. pādya (water for washing feet). The relationship between dance and architecture has been addressed by Kapilā Vātsyāyan16 and Padmā Subrahmanyam. dīpa (flame). snāna (bathing). that have long been taken to describe the typical Vedic house. arghya (rice. It is also the place where creativity that connects the devotee to Īśvara is cultivated. Ritual and Transformation The temple ritual is meant for self-transformation. the angahāras and the pindis form the larger grouping of karanas. It was shown that the Atharvavedic descriptions of the structure.
see S. IIAS Shimla.
. there exist interesting parallels between Indian and European religious architecture that are worthy of further study. 2002 for details and analysis of this rite. New Delhi and Aryan Books International.M. For a contextualized discussion of this structure. Kak. both edited by Michael W. 1977. 1998. Essays in Early Indian Architecture.
M. The Presence of Śiva. New Delhi. 2004. and Louis Renou. It summarized evidence related to the Vedic ideas of sacred geometry and its transformation into the classical Hindu temple form. 1992. The Aśvamedha. Kak. 193205.). pre-Buddhist art of India by calling attention to the structures in northwest India (c. Dhavalikar and Shubhangana Atre. Malik (ed.” Res. 2001. vol. Kenoyer (ed. 11. Moskva. page 157. Kramrisch. Princeton University Press. There also exist interesting questions of the relationship between Indian and Western art and diffusion of ideas. immortality and art.The article further dealt with the continuity between Harappan and historical art and writing and it filled in the gap in the post-Harappan. pp. “The fire cult and virgin sacrifice: some Harappan rituals.K. pages 160-1. 2000 BC) that are reminiscent of Puranic ideas. and sacrifice.). We have also explored the connections that tie the details of the temple form and its iconography to fundamental Vedic ideas related to transformation. These will be taken up in a future article. Kak. See also. Kak. “Ritual. Section 18.19 In particular.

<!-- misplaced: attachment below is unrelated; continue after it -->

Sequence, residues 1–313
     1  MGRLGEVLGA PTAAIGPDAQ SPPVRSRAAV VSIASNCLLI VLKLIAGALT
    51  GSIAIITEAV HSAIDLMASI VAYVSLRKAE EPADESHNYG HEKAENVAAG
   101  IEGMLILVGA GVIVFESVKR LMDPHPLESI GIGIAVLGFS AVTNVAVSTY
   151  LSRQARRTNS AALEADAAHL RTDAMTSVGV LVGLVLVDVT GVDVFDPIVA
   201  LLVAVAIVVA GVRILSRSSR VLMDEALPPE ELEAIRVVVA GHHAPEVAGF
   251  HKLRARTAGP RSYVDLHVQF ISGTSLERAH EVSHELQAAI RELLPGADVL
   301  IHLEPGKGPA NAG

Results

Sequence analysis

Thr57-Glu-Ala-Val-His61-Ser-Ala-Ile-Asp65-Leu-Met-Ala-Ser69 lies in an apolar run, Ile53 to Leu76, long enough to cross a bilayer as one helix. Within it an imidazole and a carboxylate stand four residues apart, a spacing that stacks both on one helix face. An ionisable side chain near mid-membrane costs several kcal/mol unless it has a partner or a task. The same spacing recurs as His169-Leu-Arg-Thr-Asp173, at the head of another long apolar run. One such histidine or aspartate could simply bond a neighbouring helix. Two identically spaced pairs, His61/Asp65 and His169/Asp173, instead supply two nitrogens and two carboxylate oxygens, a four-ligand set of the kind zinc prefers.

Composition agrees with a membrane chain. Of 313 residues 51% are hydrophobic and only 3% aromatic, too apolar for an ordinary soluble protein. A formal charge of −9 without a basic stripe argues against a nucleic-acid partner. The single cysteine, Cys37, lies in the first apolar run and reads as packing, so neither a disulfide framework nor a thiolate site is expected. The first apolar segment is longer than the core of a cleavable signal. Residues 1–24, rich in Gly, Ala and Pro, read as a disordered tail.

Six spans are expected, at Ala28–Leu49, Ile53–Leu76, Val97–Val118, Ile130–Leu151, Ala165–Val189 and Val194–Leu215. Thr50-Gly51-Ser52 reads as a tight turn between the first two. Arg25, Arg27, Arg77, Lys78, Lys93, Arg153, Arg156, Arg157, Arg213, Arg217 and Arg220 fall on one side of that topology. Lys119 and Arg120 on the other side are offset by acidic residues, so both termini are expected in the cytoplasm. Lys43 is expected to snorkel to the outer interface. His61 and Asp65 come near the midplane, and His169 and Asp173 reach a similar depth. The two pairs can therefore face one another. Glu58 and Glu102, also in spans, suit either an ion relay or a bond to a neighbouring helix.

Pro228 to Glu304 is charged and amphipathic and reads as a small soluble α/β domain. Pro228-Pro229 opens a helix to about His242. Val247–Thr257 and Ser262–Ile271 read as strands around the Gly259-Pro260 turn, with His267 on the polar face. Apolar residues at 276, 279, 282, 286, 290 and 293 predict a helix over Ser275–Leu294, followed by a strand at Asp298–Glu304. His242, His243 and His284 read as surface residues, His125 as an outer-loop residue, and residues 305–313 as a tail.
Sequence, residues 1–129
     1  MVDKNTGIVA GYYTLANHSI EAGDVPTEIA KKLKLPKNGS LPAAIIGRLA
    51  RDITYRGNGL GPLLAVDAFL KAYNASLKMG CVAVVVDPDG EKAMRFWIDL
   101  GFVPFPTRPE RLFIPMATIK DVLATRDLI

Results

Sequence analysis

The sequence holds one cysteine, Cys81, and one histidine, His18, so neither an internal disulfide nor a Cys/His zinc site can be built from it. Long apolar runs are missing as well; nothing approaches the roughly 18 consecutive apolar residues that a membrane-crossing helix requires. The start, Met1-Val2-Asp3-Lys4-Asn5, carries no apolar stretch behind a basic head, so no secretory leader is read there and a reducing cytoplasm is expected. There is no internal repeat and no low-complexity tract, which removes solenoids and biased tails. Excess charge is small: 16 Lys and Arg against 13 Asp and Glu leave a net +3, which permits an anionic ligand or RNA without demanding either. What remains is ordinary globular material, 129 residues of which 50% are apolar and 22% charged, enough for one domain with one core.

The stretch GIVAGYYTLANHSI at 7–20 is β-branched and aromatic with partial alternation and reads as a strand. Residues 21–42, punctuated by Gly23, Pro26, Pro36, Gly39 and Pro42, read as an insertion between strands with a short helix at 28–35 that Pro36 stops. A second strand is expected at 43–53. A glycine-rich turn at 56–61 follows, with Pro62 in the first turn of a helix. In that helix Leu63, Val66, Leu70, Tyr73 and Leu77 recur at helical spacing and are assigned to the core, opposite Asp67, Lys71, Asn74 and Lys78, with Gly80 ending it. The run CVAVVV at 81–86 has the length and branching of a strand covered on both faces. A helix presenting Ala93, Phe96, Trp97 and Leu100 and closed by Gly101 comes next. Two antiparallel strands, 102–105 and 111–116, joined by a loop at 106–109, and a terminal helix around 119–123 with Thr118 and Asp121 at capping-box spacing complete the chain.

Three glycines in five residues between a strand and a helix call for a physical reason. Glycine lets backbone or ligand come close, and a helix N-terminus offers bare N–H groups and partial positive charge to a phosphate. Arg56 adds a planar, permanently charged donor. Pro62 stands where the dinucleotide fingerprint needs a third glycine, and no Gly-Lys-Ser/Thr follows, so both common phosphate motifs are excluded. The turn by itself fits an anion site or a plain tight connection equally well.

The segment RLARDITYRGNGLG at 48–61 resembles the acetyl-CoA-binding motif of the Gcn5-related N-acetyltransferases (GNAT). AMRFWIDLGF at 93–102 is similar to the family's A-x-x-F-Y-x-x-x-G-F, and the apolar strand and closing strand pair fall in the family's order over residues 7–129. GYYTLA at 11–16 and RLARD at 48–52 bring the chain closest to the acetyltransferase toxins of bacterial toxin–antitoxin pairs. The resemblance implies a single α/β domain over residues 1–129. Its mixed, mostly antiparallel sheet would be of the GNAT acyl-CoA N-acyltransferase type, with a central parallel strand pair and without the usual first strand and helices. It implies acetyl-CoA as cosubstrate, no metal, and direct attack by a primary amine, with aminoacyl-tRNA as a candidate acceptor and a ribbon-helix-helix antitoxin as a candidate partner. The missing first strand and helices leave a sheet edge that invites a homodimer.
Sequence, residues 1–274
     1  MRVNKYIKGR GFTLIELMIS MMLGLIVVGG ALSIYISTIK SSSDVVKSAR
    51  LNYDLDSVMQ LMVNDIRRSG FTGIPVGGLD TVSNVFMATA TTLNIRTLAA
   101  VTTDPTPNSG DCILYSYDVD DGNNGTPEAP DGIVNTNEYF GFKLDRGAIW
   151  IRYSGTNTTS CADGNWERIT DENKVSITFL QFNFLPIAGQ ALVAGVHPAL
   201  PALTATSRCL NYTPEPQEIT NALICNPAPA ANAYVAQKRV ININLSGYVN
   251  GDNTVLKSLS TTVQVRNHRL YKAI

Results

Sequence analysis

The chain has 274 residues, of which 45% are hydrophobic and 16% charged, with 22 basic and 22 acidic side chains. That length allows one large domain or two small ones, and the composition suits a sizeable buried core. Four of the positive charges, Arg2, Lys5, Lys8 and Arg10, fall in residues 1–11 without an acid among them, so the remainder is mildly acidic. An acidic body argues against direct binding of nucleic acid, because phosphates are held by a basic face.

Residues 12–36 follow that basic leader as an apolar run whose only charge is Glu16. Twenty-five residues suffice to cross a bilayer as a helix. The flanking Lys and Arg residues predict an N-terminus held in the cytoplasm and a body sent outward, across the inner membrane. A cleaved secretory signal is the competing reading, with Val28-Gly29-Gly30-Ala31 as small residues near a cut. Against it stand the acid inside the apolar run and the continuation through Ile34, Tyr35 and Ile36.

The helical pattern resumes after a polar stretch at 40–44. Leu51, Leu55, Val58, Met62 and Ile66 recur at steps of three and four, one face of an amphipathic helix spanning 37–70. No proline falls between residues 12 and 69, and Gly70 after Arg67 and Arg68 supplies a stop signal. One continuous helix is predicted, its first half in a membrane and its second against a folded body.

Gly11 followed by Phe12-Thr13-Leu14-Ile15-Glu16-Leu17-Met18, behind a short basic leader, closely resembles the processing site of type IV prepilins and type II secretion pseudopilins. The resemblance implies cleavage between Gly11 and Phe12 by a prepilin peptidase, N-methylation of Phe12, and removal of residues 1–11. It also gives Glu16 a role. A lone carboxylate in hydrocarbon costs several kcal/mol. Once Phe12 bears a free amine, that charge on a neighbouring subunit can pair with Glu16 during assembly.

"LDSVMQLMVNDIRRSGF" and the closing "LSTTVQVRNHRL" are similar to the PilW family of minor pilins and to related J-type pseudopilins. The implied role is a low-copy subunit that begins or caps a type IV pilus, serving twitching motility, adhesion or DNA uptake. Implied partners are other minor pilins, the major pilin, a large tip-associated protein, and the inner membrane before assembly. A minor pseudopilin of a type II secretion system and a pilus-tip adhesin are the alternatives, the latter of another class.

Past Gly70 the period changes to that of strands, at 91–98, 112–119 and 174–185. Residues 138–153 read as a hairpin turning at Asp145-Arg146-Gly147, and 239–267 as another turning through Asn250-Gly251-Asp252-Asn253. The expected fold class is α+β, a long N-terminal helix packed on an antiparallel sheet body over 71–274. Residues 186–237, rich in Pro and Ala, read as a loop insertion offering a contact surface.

Renou. “The Vedic house. op cit. page 3.
S. “Mind. S. op cit. 29-44.” In Old Problems and New Perspectives in the Archaeology of South Asia.I. 143-161. Munshiram Manoharlal. Essays in Early Indian Architecture. University of Wisconsin. Sarianidi.
V. masks. The Astronomical Code of the Rgveda. Delhi. Delhi. pp. pp. Renou. Dept of Anthropology.” In Rūpa-Pratirūpa. Indira Kalakendra.